A pair of manufacturing facilities has generated much of the region’s recent biopharma news. Earlier this month Duke University spinout Argos Therapeutics said it will build a new plant in Durham, NC, within Research Triangle Park, to produce cancer and infectious-disease immunotherapies—starting with lead product AGS-003, now in a Phase III trial for metastatic renal cell carcinoma. Argos has won $9.5 million in incentives from the state of North Carolina, Durham County, the city of Durham, and the North Carolina Biotechnology Center, the state-funded nonprofit that advances the state’s life-sci industry. In return, the company promised to create 236 new jobs and retain 100 current jobs. Last month, Novartis officially dedicated a $1 billion vaccine plant in Holly Springs, NC, which will produce pandemic and seasonal influenza vaccines, including Flucelvax, using cell culture technology—the first facility of its kind in the U.S. Novartis began seeking a buyer for its flu vaccine business earlier this year, so the plant is expected to eventually change hands.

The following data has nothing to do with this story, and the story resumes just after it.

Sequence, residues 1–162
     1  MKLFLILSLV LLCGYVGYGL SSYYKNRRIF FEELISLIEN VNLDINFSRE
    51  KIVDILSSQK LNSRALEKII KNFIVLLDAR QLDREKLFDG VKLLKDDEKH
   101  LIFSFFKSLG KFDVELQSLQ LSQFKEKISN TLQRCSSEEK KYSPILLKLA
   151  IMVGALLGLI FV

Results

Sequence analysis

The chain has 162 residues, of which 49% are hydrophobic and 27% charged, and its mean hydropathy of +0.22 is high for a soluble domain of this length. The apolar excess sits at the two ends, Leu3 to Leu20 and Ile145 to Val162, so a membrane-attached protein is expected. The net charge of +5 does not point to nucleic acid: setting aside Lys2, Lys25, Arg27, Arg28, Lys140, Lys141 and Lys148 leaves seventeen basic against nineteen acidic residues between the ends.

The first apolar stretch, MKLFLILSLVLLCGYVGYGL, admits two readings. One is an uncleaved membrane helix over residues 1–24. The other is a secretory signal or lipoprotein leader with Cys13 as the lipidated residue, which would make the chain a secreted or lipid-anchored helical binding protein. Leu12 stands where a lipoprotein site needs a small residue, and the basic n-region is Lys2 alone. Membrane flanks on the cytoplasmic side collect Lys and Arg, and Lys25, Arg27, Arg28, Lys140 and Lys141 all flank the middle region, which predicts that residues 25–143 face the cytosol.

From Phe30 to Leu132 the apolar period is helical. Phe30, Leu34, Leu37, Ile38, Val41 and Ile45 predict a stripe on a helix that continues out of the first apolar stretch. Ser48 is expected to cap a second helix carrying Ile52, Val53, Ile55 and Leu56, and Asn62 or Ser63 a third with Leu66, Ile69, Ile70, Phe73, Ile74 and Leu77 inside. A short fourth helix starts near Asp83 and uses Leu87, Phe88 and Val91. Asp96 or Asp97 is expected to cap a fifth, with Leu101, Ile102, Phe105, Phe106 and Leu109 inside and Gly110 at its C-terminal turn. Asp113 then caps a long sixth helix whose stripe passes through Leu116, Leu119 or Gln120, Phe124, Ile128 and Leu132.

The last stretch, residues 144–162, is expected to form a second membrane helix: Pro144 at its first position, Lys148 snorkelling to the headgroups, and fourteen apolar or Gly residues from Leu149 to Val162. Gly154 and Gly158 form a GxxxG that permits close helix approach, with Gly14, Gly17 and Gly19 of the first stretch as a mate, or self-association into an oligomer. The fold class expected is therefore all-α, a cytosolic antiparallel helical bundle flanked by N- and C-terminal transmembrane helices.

The days of Los Angeles-area biotech growing alongside Amgen are gone, as the company has been cutting back jobs in recent years. In July, Amgen said its headquarters in suburban Thousand Oaks, CA, would not be spared from plans to eliminate between 2,400 and 2,900 jobs companywide—12% to 15% of its total workforce—though the company has not specified how many positions there would be jettisoned. Also gone are the days of regional officials ignoring its biotech sector: Earlier this year, Battelle unveiled a “Master Plan” for growing Los Angeles County’s bioindustry that called in part for a new “Fund of Funds” to invest in startups and attract VC firms, and partnerships with developers to create three to five “biosciences hubs” where new lab space could emerge. LA enjoys a strong core of university-based and independent research institutions, as well as promising biotechs such as Puma Biotechnology, which on September 29 reported positive Phase II results for sole candidate PB272 (neratinib) for non-small cell lung cancer (NSCLC) with HER2 mutations.